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2012 Los Angeles Startup Report [Infographic]

Check out this infographic posted by Built In L.A.,  an online community for digital entrepreneurs and innovators that launched in January 2013. The startup curates and promotes relevant news on L.A.’s startup community, hosts a job board for digital technology companies, publishes data on the digital tech sector and organizes events.

Some highlights: Los Angeles launched 220 startups in 2012, 100 of which secured at least $1 million in funding. Digital media and marketing were the fastest growing sectors. 43 companies were acquired, an increase over previous years. The fashion industry received the largest funding, with 22% of the investment. The fashion site JustFab raised top dollar – $76 million for more development.

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IP Corporate Attorney

3 Ways Your Startup Lawyer and Accountant Need to Collaborate

Blog post written by Michael Leventhal, Intellectual Property and Corporate Attorney, MC Squared Law and Consulting

Here’s a horror story: The lawyer for an Internet startup set the company up as an S-Corp. In two years, the business grew from nothing to grossing $5 million a month. Now, the owners wanted to take an investment, add a profit-sharing plan, and do other things that an S-Corp is not permitted to do. Converting to a C-Corp at this point meant a $5 million cash flow hit that could have been avoided had their lawyer and accountant been consulting from the get go.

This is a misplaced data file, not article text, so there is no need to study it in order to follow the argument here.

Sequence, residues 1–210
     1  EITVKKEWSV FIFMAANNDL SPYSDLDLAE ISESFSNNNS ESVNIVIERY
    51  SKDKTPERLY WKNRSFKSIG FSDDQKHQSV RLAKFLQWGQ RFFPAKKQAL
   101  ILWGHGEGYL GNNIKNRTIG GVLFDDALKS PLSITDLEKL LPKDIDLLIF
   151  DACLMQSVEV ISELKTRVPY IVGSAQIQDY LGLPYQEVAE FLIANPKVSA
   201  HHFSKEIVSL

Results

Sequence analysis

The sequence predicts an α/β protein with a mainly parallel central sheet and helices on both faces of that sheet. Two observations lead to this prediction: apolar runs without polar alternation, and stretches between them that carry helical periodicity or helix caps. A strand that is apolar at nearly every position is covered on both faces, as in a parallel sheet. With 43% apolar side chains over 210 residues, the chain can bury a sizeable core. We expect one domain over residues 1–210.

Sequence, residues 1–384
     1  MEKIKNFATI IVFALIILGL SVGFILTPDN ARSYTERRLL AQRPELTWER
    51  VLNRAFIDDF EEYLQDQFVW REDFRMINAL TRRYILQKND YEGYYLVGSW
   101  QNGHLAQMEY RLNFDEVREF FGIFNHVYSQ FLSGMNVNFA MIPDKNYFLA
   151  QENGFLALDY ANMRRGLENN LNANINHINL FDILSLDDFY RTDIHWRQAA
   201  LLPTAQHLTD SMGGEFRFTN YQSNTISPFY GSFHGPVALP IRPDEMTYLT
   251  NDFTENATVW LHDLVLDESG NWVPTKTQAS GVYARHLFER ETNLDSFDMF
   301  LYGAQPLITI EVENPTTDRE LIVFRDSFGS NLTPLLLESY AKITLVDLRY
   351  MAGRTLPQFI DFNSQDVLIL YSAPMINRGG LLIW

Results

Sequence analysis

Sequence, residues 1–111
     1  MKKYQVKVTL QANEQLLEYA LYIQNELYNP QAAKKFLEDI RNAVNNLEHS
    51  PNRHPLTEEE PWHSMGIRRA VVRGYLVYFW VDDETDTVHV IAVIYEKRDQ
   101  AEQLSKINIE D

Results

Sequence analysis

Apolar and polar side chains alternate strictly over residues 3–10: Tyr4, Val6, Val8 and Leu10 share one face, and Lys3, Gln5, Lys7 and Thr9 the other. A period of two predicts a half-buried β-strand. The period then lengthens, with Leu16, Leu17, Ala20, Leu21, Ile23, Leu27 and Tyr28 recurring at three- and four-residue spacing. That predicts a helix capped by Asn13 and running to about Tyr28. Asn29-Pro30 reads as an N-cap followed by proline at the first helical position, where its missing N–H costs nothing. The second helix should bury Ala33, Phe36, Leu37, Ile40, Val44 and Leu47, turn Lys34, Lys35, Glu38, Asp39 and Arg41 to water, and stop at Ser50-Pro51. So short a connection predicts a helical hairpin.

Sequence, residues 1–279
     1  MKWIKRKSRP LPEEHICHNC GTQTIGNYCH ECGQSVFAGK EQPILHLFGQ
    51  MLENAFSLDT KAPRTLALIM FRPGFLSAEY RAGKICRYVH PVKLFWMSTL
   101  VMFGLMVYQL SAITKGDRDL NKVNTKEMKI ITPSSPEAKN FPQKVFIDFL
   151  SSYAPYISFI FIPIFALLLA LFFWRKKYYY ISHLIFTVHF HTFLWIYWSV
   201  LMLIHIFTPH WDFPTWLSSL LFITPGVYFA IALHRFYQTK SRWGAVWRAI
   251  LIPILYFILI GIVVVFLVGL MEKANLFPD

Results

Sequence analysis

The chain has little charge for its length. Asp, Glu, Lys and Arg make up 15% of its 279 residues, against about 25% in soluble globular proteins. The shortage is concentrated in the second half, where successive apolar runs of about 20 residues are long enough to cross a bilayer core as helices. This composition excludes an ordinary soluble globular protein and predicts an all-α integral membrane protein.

If you want to get your startup off the ground, you need a strong relationship between your lawyer and accountant.  Several critical early stage issues require both perspectives and a collaborative flow of communication.  Here are three: formation, intellectual property, and sharing the wealth.

Startup FormationStartup

You’ve got an idea, and, maybe, some interest.  You need to form a legal entity to protect yourself, take in financing, and do business.  What’s it going to be?  Your lawyer should be asking questions, including these: